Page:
Sperm Edwards

  • Content count

  • Joined

  • Last visited

Community Reputation

336,390 JN Hall Of Fame

About Sperm Edwards

  • Rank
  • Birthday 10/21/1968

Contact Methods

  • Website URL
  • Yahoo

Profile Information

  • Gender
    Not Telling

Recent Profile Visitors

21,081 profile views
  1. Texans lucky they didn't get flagged for a personal foul on the Edelman catch.
  2. Actually as they went to the sideline after their last 2 drives ended, I was thinking Osweiller has the same sulk-face as Sanchez.
  3. Watch NE score (or go 3 & out) on this drive anyway, and then Houston needs a challenge with 2:30 left in the game.
  4. Did he say Texans might want to challenge? Use a challenge to get the start of their drive moved back 3 yards? Idiot. Edit: Ok it's 8 yards. Looked like less initially. Still questionable use of a challenge. Doesn't alter possession change or score change.
  5. He says he wants to stay on the field longer, and to accomplish this goal he wants to pick up the tempo.
  6. Petty shouldn't have even been on the field that last game. If the purpose was to seal a competition for the #2 job between him and Geno then both of them should have been in there. No, they'd decided Geno was #2 and Petty was #3 before that game, which is why they didn't let Geno play. Petty's injury had nothing to do with his spot in the pecking order, as it happened after that had already been set. Petty's a young backup. As long as running the huddle or staring down a pass rush sans red jersey doesn't make him panic and/or piss himself, that's enough to promote him to #2. At some point, bringing along slowly can cross over to coddling. There's another possibility, that Petty looked much worse than we realize in practice between fan-viewable appearances, but I think the team would have leaked that in light of Geno's unpopularity and the unpopular decision (at least among fans) to keep him as the #2 ahead of Petty. It's also possible that they're ok with Petty taking over as the #2 guy, but in the event of a Fitz injury, they don't want him blamed for ruining the season so he'll get bumped ahead of Geno if Fitz makes it through the first 5-6 games unscathed. I still think they'd roster Geno for the final 1-2 months, just because they'll be due a conditional draft pick when someone else signs him. His next contract won't be for much, but it'll be above the league minimum. That's reaching, but I'm trying to give these guys the benefit of the doubt that they're thinking that far ahead, as they should be doing.
  7. If Petty pans out this year (which would require a Fitz or team meltdown or Fitz injury), then they'd have to still hang onto Hackenberg until they can display to the public that he might be something beyond a shot in the dark prospect. Yes, then in that case, they could trade him (or trade Petty, I suppose, but I'd hope they take the guy they think is better, not the guy who necessarily was drafted earlier).
  8. Most teams would take a QB if the value presented itself for them, even if they have a starter. There was no controversy with who the QB is in NE for some time, and they still would draft the likes of Kevin O'Connell in the 3rd round. They mistakenly felt he provided value there. Green Bay didn't need a QB when they used a 1st round pick on Rodgers. He was 4 years into a 10 year contract, and still playing at a high level. They correctly felt Rodgers provided value to them there. Those are just some extreme examples, but there are plenty more where it's less eyebrow raising because of the late rounds in which a new QB was drafted. The whole point of this system such as this is precisely to be a slave to it. The idea is that you cannot wait 2 years between the last one brought in when planning for the future. Otherwise all you're doing is drafting for value if value is there. Well duh, that's what every team does every year at positions all over the field. This is not like BPA, though -- this is: take (or otherwise bring in) a QB every single year until you find one. Not take one, then don't take one, then take one if there's value, but maybe not, etc. Teams have always done that, so there would be no significance to such a "system" if you're not adhering to it. In other words, as I was inferring, that's not anything teams haven't already been doing for decades. The whole point of there being a difference is doing it every year come hell or high water. Early, late, whatever. You bring in a new QB every single year if you don't have your QB of the future (beyond just the present season) on the roster.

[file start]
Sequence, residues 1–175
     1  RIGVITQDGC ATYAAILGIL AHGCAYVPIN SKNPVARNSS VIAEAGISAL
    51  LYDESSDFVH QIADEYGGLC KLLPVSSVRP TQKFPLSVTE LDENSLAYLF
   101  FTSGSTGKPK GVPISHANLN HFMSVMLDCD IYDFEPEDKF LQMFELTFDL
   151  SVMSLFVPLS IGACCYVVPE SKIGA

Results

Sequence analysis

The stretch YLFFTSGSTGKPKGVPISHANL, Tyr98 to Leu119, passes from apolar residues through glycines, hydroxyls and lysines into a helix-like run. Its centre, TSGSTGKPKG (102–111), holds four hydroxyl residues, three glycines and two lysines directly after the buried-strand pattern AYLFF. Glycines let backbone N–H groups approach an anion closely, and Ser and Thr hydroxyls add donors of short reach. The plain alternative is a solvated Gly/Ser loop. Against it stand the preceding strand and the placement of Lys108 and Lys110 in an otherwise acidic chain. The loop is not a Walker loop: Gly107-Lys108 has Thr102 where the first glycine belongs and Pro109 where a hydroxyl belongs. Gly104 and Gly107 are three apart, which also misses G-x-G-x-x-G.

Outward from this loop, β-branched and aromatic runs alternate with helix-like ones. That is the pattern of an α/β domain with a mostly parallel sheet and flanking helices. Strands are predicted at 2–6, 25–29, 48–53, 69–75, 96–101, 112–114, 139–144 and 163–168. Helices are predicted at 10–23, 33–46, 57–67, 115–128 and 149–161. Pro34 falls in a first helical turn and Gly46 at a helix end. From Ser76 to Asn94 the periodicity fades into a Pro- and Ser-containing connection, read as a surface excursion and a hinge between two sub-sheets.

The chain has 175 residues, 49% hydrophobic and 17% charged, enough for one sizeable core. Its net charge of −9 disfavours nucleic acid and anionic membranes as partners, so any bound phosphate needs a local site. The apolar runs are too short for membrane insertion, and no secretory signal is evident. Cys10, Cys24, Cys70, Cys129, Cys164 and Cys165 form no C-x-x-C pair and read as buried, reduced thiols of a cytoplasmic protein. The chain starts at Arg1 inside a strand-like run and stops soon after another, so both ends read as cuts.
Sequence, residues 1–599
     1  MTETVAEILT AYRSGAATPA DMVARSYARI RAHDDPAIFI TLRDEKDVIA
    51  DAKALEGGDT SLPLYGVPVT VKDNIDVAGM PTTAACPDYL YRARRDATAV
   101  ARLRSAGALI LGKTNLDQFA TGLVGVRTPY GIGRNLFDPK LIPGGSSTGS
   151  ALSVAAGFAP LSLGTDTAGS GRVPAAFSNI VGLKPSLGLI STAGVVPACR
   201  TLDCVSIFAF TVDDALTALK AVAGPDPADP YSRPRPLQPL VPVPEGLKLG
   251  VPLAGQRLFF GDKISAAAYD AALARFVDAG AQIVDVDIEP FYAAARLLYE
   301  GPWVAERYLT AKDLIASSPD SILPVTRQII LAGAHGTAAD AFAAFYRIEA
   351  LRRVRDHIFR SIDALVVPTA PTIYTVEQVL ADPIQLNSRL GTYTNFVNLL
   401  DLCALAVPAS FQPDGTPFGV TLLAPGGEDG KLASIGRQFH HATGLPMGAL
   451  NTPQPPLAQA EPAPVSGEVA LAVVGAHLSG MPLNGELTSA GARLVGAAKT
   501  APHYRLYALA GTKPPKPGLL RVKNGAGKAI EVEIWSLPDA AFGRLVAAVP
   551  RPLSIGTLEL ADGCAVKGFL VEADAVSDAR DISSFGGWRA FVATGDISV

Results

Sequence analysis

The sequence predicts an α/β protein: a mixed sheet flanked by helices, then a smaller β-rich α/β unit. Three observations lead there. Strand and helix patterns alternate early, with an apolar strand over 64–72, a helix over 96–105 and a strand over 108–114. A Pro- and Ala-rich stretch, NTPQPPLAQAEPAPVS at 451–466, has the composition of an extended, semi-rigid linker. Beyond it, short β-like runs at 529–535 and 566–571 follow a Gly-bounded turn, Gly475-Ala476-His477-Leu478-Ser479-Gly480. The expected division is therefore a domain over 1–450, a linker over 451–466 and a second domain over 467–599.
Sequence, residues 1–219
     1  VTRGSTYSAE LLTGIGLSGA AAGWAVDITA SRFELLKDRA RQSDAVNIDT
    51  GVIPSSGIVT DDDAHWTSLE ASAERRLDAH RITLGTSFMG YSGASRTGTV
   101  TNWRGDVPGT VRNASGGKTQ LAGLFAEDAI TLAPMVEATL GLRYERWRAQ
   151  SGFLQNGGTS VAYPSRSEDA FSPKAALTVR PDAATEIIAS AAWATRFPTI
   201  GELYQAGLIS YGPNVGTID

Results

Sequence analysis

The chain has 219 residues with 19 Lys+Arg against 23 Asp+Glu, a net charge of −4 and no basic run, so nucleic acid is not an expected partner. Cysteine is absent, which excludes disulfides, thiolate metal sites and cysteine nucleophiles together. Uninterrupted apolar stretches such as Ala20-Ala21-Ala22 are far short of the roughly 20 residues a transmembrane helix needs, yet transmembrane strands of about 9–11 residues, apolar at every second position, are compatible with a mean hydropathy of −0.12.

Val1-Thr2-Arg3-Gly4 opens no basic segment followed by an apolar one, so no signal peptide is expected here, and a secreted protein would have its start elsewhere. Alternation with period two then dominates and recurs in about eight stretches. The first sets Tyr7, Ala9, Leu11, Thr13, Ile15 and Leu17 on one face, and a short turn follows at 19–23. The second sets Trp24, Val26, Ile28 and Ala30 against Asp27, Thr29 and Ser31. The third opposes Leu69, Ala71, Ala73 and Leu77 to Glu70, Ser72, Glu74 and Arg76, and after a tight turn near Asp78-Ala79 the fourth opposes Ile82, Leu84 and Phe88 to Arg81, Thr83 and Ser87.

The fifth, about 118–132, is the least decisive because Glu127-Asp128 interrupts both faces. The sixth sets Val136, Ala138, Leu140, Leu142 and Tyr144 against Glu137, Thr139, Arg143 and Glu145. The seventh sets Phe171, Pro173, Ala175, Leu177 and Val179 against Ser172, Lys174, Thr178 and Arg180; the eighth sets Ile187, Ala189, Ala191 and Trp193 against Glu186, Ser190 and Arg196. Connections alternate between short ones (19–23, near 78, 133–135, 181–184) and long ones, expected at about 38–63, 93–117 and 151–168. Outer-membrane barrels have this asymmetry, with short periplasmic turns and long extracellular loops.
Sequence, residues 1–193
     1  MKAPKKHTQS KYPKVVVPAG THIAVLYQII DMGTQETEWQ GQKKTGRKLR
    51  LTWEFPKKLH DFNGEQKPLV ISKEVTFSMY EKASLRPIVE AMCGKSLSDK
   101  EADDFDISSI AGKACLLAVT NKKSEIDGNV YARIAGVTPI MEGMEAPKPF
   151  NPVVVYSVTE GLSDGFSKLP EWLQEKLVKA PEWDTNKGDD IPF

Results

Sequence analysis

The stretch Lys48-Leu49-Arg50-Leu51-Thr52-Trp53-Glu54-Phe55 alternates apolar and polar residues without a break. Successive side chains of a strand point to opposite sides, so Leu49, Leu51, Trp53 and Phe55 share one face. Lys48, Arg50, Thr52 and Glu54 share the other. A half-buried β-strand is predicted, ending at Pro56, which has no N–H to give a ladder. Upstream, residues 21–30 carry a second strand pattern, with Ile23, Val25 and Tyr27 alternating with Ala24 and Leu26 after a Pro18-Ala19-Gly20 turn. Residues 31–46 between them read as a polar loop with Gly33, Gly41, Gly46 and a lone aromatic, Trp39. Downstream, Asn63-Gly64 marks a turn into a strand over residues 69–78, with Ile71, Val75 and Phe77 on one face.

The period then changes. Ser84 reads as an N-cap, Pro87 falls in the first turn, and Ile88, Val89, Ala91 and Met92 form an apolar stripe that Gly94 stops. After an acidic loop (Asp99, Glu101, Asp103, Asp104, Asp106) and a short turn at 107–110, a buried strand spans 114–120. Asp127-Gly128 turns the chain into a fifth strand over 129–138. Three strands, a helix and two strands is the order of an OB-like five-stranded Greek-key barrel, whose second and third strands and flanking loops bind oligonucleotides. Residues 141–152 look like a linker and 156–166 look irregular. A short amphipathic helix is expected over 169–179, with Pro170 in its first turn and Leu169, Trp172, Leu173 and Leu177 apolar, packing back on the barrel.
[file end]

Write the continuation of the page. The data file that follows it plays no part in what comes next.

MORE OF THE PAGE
9. Great post. Agree on everything, and no matter how much I looked at this or that option, the way things are, I keep coming back to the same two possibilities I started with (other than Petty sucking badly or supplanting Fitz before January, or obviously, an injury): Jets stay away from drafting a QB in 2017, or Jets carry 4 QBs in 2017. It's this no-man's land of drafting projects with picks high enough that they can't be stashed on taxi squads, must be kept on the roster, but are just a roster-size handicap as rookies (and possibly into year 2). The cycle continues until one of them shows up. I suppose that could be the price paid, that until we find our guy we just keep 4 QBs. But that seems a bit of a handicap for a playoff (or near-playoff) team that is already at least somewhat handicapped at the most important position (in that he's not going to carry the whole team). But I'd rather do that than bet on your most recent pick just because a 2nd rounder was spent. We did that with Geno and passed on multiple QBs (at least one of which, Garoppolo, that wouldn't have even cost a 1st round pick). It hurts all that much more with that pick being spent on the just-cut Amaro.
  10. Not really the same for us as for them. NE is still Brady's team, and GB was even more so Rodgers's team (since he was so much younger when they traded Flynn). Also I'd add NE with Cassel. In their eyes, they're giving up their #2 QB not their starter, and one they're going to lose shortly thereafter anyway, so it's found money. For the Jets, we have no clear QB of the future beyond the present season or two max, so we'll be more reluctant to surrender Petty or Hackenberg should one show promise. Quite the contrary; we'd want him for ourself. Not having a Brady or Rodgers or younger franchise-QB type kind of kills their trade values, since the "Oh he's great we just don't need him for the next 3-4 years because we have Ryan Fitzpatrick and we'd lose him in FA anyway." Not going to fly. Even in the absence of someone great, say we drafted Sanchez when Clemens had 2 years left on his rookie deal. Had Clemens had 1 or 2 lights out games, we could have unloaded him for at least the 2nd rounder we spent to draft him. He looked good, but it's obvious the team was committed to Sanchez. Like the way Washington could have gotten at least a 2nd rounder (maybe more) for Kirk Cousins while they were still RGIII's team (before his breakout 2015 season). Or Tampa with Glennon this past offseason (and IMO they really should have traded him). That's how that works.